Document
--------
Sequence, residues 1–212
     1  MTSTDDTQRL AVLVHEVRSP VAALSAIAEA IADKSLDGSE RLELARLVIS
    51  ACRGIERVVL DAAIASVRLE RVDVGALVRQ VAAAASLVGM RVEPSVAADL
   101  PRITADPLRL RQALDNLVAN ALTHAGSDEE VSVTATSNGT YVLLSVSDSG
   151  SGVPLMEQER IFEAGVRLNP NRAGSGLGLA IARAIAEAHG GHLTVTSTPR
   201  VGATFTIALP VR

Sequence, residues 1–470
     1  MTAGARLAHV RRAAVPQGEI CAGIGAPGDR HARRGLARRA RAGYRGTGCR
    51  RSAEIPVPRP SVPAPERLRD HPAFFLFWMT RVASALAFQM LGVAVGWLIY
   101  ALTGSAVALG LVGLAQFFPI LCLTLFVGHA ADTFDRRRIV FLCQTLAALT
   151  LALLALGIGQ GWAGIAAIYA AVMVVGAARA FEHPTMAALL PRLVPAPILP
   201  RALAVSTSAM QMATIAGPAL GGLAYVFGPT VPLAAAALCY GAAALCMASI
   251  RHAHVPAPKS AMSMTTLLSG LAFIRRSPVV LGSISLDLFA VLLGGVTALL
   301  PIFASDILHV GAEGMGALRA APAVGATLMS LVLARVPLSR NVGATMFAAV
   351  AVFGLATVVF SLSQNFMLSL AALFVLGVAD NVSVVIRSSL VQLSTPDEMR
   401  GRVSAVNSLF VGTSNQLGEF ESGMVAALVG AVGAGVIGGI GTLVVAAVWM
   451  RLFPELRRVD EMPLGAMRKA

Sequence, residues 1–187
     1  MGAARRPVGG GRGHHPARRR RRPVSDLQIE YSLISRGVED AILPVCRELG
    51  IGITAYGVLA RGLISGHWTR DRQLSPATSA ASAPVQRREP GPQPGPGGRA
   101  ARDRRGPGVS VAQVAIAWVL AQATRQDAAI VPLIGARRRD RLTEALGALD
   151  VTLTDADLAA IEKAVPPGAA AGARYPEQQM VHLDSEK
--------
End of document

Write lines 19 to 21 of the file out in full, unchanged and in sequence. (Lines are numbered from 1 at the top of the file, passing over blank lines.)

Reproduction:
     1  MGAARRPVGG GRGHHPARRR RRPVSDLQIE YSLISRGVED AILPVCRELG
    51  IGITAYGVLA RGLISGHWTR DRQLSPATSA ASAPVQRREP GPQPGPGGRA
   101  ARDRRGPGVS VAQVAIAWVL AQATRQDAAI VPLIGARRRD RLTEALGALD